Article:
MOSCOW AND BRUSSELS TRY TO MEND FENCES BUT SERIOUS PROBLEMS REMAIN
Publication: Eurasia Daily Monitor Volume: 2 Issue: 94
On May 10, the 15th Russia-EU summit was held in Moscow. Coming immediately after the pompous celebrations of Victory Day in the Russian capital, the meeting resulted in the signing of a new partnership agreement aimed at forging closer economic, political, and cultural ties between Russia and the European Union. Noting the symbolic value of the accord, most international and Russian analysts argue, that Moscow and Brussels still have a long way to go to achieve full-blown and multi-dimensional cooperation.
At the Kremlin summit, Russian and EU leaders approved a strategic “road map” agreement on the building of four common spaces – economics, internal and external security, culture, and science. The non-binding accord actually constitutes a set of detailed instructions on mutual rapprochement, which – provided it is filled with concrete content, as some experts note — is destined to replace the outdated 1994 Russia-EU Partnership and Cooperation Agreement.
Russian President Vladimir Putin praised the agreement as a step toward the creation of a European continent “with no dividing lines.” EU representatives, including European Commission President Jose Manuel Barroso, foreign policy chief Javier Solana, and Luxembourg Prime Minister Jean-Claude Juncker, whose country currently holds the EU’s rotating presidency, also expressed satisfaction at the outcome of the summit. But despite both sides’ efforts to mend fences after relations between Russia and the EU grew sour last year following the Kremlin’s heavy-handed behavior toward its CIS neighbors, the signed pact conspicuously falls short of the declared goal of fashioning the EU-Russia strategic partnership.
Even the very fact that for over a year Moscow and Brussels could not agree on signing the accord, some commentators say, suggests that the relations “are not particularly good at the moment.” Furthermore, having finally approved the “road maps” for the four common spaces, Russia and the EU failed to agree on what appears to be the most contentious set of issues – those dealing with visa regulations and the readmission of illegal migrants. Moscow badly wanted to get an agreement on visa-free travel for Russian citizens to the EU. But Brussels demanded that Russia agree to take back all illegal migrants who entered Europe from its territory. Russia’s Deputy Foreign Minister Vladimir Chizhov responded that his country “is not eager to turn its territory into a transit camp.”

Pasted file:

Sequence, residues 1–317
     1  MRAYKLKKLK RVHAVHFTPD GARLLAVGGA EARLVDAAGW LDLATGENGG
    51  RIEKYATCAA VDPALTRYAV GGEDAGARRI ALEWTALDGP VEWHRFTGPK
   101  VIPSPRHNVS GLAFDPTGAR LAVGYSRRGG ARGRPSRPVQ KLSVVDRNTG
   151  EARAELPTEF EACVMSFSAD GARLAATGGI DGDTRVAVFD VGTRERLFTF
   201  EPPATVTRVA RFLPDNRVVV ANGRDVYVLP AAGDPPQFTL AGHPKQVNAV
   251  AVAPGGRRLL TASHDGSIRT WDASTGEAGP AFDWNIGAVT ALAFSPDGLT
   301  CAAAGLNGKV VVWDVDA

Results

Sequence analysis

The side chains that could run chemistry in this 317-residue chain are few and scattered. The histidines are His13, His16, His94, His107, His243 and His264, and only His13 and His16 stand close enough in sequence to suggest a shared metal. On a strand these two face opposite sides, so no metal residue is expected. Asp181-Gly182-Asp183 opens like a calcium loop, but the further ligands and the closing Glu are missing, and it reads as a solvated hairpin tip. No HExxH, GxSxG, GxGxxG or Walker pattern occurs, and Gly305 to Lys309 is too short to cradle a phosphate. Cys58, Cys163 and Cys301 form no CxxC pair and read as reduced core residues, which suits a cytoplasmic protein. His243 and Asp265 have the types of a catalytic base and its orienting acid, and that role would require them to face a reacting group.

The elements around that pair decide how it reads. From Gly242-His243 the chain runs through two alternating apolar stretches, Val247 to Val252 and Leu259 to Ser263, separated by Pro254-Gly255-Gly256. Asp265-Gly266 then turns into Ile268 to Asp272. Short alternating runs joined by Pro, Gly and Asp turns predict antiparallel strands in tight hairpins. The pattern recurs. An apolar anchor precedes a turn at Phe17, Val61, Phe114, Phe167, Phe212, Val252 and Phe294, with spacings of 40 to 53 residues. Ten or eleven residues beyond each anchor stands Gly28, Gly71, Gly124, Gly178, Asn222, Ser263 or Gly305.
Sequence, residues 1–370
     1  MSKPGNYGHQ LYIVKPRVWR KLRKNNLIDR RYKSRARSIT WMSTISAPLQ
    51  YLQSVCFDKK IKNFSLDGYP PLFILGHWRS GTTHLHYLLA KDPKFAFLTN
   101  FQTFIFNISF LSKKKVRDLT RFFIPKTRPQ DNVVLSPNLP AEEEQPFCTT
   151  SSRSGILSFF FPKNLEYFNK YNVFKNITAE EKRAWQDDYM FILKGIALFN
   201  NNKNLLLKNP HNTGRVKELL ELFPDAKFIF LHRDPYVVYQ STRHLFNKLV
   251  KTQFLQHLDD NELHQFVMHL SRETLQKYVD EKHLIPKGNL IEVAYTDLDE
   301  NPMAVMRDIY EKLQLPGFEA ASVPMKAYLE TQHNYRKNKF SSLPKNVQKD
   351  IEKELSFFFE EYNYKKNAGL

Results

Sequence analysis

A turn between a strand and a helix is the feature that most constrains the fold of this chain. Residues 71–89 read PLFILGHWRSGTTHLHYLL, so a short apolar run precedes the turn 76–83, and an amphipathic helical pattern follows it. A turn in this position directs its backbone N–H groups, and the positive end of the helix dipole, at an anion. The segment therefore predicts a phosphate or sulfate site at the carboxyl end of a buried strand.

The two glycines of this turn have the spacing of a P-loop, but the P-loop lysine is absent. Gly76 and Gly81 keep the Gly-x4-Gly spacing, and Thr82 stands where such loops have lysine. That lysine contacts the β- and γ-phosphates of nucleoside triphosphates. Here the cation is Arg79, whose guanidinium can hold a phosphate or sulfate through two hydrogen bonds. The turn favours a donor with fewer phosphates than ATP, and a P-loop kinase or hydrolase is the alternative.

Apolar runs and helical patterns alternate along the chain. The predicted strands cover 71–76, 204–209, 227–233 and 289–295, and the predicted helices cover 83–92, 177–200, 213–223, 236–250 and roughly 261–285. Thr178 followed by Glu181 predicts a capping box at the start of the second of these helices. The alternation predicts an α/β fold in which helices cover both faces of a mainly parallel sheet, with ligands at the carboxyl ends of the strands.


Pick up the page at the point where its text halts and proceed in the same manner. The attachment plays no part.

Another important precondition for any progress on the visa issue is a mutually recognized border. But Russia failed to sign border treaties with Estonia and Latvia, and the Kremlin blamed the Baltic nations for the failure (See EDM, May 12).
In addition, some Moscow pundits argue that the so-called “new level of relations” reflected in the adopted road map accords is hardly in Russia’s correctly perceived national interests.
First, these analysts say, the “common spaces” contain a “huge conflict potential.” For example, Moscow was clearly unhappy about the EU’s intention to insert into the road map for external security mechanisms that would gradually increase the powerful bloc’s role within the post-Soviet space. Particularly troubling, from the Kremlin’s point of view, is Brussels’ growing desire to act as an arbiter in the settlement of the frozen conflicts in the former Soviet lands. Besides, Moscow is irritated by the EU’s reluctance to pressure the Baltic leaders on issues pertaining to the treatment of national (that is, Russian-speaking) minorities and to the interpretation of certain aspects of 20th century history. Significantly, the head of the State Duma Foreign Affairs Committee, Konstantin Kosachev, argues that the EU, which is striving to become a leading economic power, would be much better served by pursuing a radical rapprochement with Russia, a country “capable of adding mightily to the bloc’s economic growth,” than by absorbing a number of relatively insignificant and seemingly Russophobic countries of Eastern Europe. However, the Russian lawmaker says, “It appears that Europe still cannot get rid of the logic of competition and is not ready for mutually beneficial cooperation.”
Some Russian experts also argue that the road map for the common economic space puts Russia in a disadvantageous position vis-à-vis the EU. The blueprint, they contend, will create an “integration-without- membership” model. This model presupposes adapting many elements of Russian legislation, technical standards, and norms to meet European templates without giving Moscow a say in managing this legislation and set of standards. This would give the EU “powerful leverage on the Russian government,” the analysts warn.
The attitude of Russia’s policymaking and analytic community appears to betray both a lack of trust in the European partners and an awareness of the continuing erosion of Russia’s geopolitical influence. The current Russian wariness of the Western powers is tellingly reflected in a recent pronouncement by one expert at the Moscow-based Center for Political Technologies who sincerely believes, “The disintegration or, at least, the utmost weakening of Russia remains for the West an objective of current interest.”
(Politcom.ru, May 6, 11; Moscow Times, Vremya novostei, Izvestiya, Vedomosti, Kommersant, Trud, Novye izvestiya, May 11)